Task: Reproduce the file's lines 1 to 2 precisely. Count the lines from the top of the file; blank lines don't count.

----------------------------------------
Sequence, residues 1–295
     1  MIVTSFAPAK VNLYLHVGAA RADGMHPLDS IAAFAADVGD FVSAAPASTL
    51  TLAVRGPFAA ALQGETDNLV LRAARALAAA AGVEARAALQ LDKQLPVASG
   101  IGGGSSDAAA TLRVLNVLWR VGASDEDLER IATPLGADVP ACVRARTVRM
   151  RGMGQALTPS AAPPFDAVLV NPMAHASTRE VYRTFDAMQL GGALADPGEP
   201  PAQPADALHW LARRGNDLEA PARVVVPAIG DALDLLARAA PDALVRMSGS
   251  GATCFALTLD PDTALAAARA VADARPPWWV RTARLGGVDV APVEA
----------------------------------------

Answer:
Sequence, residues 1–295
     1  MIVTSFAPAK VNLYLHVGAA RADGMHPLDS IAAFAADVGD FVSAAPASTL